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AIBU to not offer a cup of tea?

(115 Posts)
perrita Tue 15-Dec-15 18:03:29

DH and I have own business and had a visitor coming to our office today, who we are paying for their time. I don't really drink tea or coffee so never have these items at the office (no kettle either although there is a communal kettle in a communal kitchen at opposite end of building) and it didn't occur to me to bring them in so I didn't offer them anything to drink, they were here about 1-1.5 hours.

DH asked how it went and asked if I offered them a drink. Adv no. I just didn't think about it. He's annoyed I didn't, said it makes us look bad.

If it was a client or potential client I would agree and would have even bought posh biscuits for them but AIBU to think that it's not up to me to make cups of tea for people we are paying? When I'm at work I wouldn't expect people to make drinks for me, if they offered I might say yes but wouldn't be offended if they didn't. Id take my own drink with me for the day and wouldn't rely on other people providing my refreshments.

DH thinks I'm BU, I think he is, who's right??

Sirzy Tue 15-Dec-15 18:07:16

I think the polite thing to do would have been to offer a drink.

usual Tue 15-Dec-15 18:07:21

Message withdrawn at poster's request.

whois Tue 15-Dec-15 18:08:14

Bottle of water would be polite but no need for tea/coffee for a 1.5h meeting.

WhyCantIuseTheNameIWant Tue 15-Dec-15 18:09:06

I don't drink tea or coffee either, so I don't have them at home.

I do have a kettle, for baby milk and cup-a-soup!

I would have probably given them a glass of fruit juice if they wanted it or not

I would have offered them something, but explained there was nothing hot on offer.

GloGirl Tue 15-Dec-15 18:09:15

I agree with your DH. Have a couple of water bottles stashed away to offer next time and say you don't have tea and coffee facilities and ask if they would like a water instead.

cuntycowfacemonkey Tue 15-Dec-15 18:09:44

I think YABU on the basis that you would do it for for some people but didn't think the person visiting "ranked" as worthy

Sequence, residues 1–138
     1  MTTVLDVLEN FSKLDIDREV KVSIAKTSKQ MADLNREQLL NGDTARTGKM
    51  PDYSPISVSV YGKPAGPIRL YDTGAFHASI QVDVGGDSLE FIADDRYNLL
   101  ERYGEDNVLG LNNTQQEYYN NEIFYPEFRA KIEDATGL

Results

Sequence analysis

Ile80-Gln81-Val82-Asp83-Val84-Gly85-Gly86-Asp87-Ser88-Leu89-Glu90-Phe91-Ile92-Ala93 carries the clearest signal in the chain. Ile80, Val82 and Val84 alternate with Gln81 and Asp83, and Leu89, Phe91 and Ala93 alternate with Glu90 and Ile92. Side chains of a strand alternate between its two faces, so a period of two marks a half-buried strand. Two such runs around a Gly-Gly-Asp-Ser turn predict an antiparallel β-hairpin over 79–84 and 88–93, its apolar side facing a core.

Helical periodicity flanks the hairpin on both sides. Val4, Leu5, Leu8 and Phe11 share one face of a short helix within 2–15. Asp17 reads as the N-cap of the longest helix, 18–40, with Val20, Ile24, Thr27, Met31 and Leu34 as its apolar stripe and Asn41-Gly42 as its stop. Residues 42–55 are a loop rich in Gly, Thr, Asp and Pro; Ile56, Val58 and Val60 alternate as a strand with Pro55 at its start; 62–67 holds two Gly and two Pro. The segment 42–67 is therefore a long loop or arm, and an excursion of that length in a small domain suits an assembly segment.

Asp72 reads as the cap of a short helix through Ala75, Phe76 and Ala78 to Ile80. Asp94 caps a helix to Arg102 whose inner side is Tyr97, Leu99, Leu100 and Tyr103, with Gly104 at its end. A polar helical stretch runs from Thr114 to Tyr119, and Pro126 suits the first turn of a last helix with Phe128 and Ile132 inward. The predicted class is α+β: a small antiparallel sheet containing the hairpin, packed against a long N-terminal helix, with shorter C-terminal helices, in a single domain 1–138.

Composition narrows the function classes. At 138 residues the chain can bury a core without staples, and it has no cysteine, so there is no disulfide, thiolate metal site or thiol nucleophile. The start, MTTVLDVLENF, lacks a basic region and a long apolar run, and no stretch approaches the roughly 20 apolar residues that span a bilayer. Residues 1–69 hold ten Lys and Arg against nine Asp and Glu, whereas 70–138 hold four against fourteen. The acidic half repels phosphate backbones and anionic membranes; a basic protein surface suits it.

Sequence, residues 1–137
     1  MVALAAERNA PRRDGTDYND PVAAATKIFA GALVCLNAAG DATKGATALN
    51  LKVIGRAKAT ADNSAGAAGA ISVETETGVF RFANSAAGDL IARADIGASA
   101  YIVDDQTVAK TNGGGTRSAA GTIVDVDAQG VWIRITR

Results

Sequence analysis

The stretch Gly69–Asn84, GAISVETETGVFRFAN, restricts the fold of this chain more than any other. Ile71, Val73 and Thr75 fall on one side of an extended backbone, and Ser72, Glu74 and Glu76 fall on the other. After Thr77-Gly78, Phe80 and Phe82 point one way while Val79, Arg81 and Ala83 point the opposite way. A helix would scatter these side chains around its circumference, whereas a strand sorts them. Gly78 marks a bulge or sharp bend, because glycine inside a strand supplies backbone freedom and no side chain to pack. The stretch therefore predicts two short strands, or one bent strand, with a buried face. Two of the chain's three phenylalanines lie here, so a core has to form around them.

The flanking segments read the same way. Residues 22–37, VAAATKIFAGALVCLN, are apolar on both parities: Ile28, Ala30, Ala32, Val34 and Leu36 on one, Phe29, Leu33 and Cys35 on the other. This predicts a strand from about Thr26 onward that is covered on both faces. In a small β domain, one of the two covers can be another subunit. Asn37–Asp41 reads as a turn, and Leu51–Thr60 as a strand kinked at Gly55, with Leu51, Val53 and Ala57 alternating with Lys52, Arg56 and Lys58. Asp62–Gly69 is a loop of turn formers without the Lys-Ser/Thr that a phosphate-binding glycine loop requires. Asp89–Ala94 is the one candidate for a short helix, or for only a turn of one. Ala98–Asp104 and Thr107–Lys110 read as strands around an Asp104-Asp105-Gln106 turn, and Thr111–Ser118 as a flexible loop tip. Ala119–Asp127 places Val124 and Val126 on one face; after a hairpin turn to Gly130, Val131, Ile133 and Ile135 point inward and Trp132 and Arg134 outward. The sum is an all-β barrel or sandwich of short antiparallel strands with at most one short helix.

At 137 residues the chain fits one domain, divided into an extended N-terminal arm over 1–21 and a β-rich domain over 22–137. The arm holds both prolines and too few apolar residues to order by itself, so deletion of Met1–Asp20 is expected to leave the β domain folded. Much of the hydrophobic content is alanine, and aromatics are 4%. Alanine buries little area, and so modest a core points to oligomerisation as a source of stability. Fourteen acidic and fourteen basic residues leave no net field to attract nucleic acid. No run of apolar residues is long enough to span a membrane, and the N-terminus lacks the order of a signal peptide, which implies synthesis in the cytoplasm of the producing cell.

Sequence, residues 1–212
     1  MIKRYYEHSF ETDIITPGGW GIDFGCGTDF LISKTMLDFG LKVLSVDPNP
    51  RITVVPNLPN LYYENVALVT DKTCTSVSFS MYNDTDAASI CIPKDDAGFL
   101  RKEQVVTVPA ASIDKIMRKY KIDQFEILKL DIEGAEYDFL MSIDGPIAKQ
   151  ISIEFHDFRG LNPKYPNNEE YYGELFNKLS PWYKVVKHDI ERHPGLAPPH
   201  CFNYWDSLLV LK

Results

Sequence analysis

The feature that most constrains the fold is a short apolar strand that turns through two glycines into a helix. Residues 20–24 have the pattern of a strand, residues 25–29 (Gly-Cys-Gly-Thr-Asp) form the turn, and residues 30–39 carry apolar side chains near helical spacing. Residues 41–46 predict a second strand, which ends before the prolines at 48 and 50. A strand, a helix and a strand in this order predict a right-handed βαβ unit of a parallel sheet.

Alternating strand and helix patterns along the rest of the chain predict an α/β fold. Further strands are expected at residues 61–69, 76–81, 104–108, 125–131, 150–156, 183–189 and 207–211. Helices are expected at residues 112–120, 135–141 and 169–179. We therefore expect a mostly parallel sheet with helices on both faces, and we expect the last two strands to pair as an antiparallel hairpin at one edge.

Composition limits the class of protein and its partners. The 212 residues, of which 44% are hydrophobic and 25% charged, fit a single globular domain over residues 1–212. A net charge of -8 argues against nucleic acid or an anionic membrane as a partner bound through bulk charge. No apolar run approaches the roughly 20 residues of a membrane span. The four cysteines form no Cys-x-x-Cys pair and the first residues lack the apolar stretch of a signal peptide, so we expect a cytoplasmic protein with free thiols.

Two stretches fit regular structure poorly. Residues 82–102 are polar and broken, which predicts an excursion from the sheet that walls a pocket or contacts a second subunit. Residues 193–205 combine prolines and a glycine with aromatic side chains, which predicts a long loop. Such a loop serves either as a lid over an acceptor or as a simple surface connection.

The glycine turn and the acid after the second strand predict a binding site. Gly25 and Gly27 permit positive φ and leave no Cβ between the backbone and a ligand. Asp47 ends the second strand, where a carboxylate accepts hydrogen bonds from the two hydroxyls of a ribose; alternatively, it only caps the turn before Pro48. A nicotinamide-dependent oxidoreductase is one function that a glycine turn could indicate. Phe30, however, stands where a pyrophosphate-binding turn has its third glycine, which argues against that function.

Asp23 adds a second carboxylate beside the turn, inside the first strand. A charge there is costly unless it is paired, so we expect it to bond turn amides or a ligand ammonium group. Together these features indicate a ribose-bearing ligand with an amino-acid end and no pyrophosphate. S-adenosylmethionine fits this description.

ZenNudist Tue 15-Dec-15 18:09:53

It's polite to offer drinks or at least apologise in true British fashion for having no tea making facilities. Would it have killed you to offer a glass of water. Fwiw the person would have bought their own drink if they thought they'd be in need and probably didn't mind for only 1.5h.

Sallyhasleftthebuilding Tue 15-Dec-15 18:10:51

I think its rude not to offer. Just bad manners.
Dont know why people think making tea or offering a drink to anyone is beneath them. Its what makes us human.

2rebecca Tue 15-Dec-15 18:12:57

I would. To me meetings are tea and coffee drinking times but I'm a tea and coffee drinker. Going to someone's office for over an hour and not being offered a drink would seem odd to me and I'd probably feel I wasn't valued (which they weren't)

someonestolemynick Tue 15-Dec-15 18:14:43

I perform a service in people's homes and offices. 99% of my clients offer me a drink before the session.
It is, of course, your right to not to offer a drink. But I tend to notice and it's a but of an indicator for me wrt to how socially aware a client is. A little consideration goes a long way.

SwedishEdith Tue 15-Dec-15 18:15:20

Bad manners. I'm with your husband.

WickedWax Tue 15-Dec-15 18:16:54

Interesting insight into what you think of ppl you are paying/employing vs potential clients. I don't think I'd like to work for you.

SevenOfNineTrue Tue 15-Dec-15 18:17:15

You should always have basic things like tea, coffee and water to offer visitors to a business, paid or not.

midnightsunshine Tue 15-Dec-15 18:17:24

It's rude not to offer. Doesn't matter if you don't drink tea or coffee yourself! It looks thoughtless or lazy not to. A hot drink is a universal ice-breaker.

I offer everyone coming to my house a cup of tea/coffee whether it's the HV or a builder or a friend popping in. It takes minutes to make.
When we ran a business from home we ALWAYS offered tea/coffee and biscuits to clients, staff, interns or anyone visiting.

RakeMeHomeCountryToads Tue 15-Dec-15 18:18:06

I would definitely have offered them tea or coffee, biscuits too!

Sparkletastic Tue 15-Dec-15 18:18:23

I would at least offer water.

shinynewusername Tue 15-Dec-15 18:20:17

You will get the most out of people - whether or not you are paying for their time - if you put them at their ease. As midnight says, offering a drink is an ice-breaker.

firesidechat Tue 15-Dec-15 18:21:14

Always offer a drink. Apart from anything else it gives a good impression (that you care about people's comfort) and it breaks the ice.

goodnightdarthvader1 Tue 15-Dec-15 18:23:02

Rude not to offer a drink. I've gone to job interviews where they didn't offer a glass of water. Put me right off.

Atenco Tue 15-Dec-15 18:23:31

So you would only offer a cup of tea to someone if there was something in it for you?

I'm criticising you for forgetting to offer tea, just don't agree with your reasoning.

AliciaMayEmory Tue 15-Dec-15 18:28:25

Interesting insight into what you think of ppl you are paying/employing vs potential clients. I don't think I'd like to work for you.

^this, absolutely.

Cressandra Tue 15-Dec-15 18:30:39

It's polite to offer, and people you are paying are still people who may have caffeine needs fsmile

I offer to interviewees and tradespeople as well as potential clients.

Flumplet Tue 15-Dec-15 18:32:27

Bit stingey not to offer anything at all imo.

toffeeboffin Tue 15-Dec-15 18:32:38

DH is right.

You should have offered at least a coffee/tea and water, if not a biscuit too.

It's just good PR.

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